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Sunday, January 15, 2006

Someone Has Missed Something

I ran across this:

"Back in August I had an interesting talk with Richard Maybury, an economist of the Austrian school and editor of the financial newsletter Early Warning Report. He is the author of a big idea, actually a model with which to help predict long term trends in global politics and finance. It's called Chaostan, and basically it means that enlighenment ideas of liberty and property never made it past Marx in Germany in their natural spread eastward..."

So, this fellow is supposed to be an Austrian, and he creates models that "predict" history and thinks that ideas have a "natural spread?!

3 comments:

  1. OK, OK, so Maybury's argument is probably not best represented by my retelling, but yes, I think it's about right to say that he thinks it was quite natural for ideas of individual liberty and property rights to spread around from town to town, (being so superior to notions of King's divine rights and such) and that they were speading quite rapidly until Hegel and Marx came along and turned liberalism back into collectivism.

    Did not Mises, Rothbard and Raimondo predict the fall of the Soviet Union based of the fact that communism doesn't work? Apparently, Maybury did too.

    I've read some Mises and Rothbard, and I was able to predict that invading Iraq would fail to accomplish the creation of a limited republic and a free market. Why? Simple: War is a government program, which means it is almost impossible for it to accomplish its goals, and Iraq is a place where they never believed in the basic laws of a free society: respect others' property and keep your contracts. Their society is divided by ethnicity and tribe rather than individual and property owners.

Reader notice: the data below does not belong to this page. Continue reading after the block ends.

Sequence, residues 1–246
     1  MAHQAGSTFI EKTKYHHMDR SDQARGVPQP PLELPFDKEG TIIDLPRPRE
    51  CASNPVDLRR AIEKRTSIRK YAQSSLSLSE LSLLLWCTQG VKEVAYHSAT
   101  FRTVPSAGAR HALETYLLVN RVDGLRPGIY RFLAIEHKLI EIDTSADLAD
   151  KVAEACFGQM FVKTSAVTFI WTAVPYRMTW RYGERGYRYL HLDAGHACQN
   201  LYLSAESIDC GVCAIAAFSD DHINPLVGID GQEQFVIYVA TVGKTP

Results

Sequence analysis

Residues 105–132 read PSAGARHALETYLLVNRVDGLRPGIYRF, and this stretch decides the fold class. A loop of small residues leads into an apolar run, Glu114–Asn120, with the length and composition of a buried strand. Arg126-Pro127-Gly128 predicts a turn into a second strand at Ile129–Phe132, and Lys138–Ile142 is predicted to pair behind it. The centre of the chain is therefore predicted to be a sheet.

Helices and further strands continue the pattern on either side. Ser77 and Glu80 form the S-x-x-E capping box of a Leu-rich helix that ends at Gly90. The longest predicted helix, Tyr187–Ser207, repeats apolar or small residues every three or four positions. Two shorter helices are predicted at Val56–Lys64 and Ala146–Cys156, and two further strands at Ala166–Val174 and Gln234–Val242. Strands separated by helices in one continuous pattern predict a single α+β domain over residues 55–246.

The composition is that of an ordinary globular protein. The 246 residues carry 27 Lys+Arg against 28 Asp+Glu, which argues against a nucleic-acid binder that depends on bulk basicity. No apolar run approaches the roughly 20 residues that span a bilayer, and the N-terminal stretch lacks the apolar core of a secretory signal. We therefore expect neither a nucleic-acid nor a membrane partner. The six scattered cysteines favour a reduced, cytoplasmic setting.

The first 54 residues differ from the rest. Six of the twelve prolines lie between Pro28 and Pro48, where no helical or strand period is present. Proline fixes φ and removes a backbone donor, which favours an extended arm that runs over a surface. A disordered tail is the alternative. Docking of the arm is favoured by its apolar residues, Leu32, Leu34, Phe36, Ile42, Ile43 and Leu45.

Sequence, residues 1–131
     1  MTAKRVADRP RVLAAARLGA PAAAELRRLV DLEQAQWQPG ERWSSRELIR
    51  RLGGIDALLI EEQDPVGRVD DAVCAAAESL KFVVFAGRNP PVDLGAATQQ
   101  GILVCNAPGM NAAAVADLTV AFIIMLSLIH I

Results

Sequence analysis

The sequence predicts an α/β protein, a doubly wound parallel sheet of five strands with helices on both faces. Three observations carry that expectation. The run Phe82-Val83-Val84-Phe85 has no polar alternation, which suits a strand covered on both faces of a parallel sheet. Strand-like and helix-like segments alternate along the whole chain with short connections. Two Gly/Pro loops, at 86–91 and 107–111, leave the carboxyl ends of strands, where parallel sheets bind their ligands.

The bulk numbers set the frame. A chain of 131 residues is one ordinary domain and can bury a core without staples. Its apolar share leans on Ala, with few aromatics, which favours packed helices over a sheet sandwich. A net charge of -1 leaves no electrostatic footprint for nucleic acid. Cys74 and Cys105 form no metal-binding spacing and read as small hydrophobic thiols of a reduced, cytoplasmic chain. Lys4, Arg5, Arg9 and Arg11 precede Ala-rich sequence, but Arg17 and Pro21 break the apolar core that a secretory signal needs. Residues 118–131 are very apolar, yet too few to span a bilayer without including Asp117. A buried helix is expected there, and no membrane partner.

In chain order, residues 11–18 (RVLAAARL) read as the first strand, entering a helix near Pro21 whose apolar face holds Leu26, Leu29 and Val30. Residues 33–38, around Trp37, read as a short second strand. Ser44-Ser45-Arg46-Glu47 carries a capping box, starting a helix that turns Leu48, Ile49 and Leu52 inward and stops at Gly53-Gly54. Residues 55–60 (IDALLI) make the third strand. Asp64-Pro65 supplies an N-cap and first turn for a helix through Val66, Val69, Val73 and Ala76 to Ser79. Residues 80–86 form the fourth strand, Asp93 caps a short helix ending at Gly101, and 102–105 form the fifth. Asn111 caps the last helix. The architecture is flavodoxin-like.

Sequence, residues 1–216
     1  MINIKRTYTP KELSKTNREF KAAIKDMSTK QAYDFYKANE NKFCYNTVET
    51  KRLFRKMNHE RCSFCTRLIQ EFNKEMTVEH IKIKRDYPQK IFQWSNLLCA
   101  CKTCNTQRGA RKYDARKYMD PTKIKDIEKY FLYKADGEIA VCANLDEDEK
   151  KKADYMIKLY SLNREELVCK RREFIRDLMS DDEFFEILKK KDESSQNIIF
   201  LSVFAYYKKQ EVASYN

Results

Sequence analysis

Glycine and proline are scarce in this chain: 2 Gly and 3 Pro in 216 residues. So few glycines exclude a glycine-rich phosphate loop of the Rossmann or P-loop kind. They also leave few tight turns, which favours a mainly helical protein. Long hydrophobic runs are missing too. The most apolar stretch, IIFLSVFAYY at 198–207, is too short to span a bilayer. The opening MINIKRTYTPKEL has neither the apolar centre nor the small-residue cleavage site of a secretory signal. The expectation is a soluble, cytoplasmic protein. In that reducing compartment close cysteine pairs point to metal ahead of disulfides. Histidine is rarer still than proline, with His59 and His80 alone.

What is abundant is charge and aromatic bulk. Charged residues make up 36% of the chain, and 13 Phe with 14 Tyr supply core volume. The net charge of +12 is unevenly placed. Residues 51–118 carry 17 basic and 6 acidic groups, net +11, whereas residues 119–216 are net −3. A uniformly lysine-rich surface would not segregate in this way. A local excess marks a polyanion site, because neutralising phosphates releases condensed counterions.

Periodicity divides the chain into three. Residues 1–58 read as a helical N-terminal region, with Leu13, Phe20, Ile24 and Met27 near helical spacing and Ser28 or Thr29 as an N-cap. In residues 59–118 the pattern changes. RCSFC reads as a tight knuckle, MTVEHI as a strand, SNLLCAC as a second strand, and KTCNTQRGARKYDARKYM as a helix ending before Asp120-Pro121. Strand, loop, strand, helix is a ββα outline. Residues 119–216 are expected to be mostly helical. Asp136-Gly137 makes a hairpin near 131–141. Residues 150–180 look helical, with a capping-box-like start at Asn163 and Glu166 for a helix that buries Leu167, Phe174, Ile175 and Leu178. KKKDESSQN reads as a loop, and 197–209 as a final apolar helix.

It's this premise that backs up his Chaostan model: folks east of Germany don't believe in property rights, therefore they are going to war against each other non-stop unless held down by an imperial power like the USSR.

    Did you hear the interview?

    Is my man full of it, or what?

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  2. Did not Mises, Rothbard and Raimondo predict the fall of the Soviet Union based of the fact that communism doesn't work?

    I don't know about the other two, but I'm pretty sure Mises didn't. (If anyone has a relevant quote to prove me wrong, by all means I'd love to see it.)

    I don't mean to go off on your comment too much, Scott, but this is something that I think a lot of Austrians misinterpret. They say something like this: "Mises claimed in 1920 that socialism was impossible, and the fall of the Soviet Union proved him right." I don't think I need to spell out why this (typical) formulation is just plain silly.

    Anyway, what Mises did say was that socialist economy was impossible, from day one. I.e. it wasn't that it would take time for it to finally catch up with the central plenners; no, from the beginning, they would not be able to retionally allocate resources. But that is a different proposition from saying, "Not enough stuff would get produced to keep the masses from revolting."

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  3. Gene,
    I dig what you mean, and I sure didn't want to make Maybury sound like he promotes liberty and Austrian economics as "historical inevitabilities" like they claimed about communism, just that Marx helped to screw up what could have been a much greater liberal revolution based on individualism.

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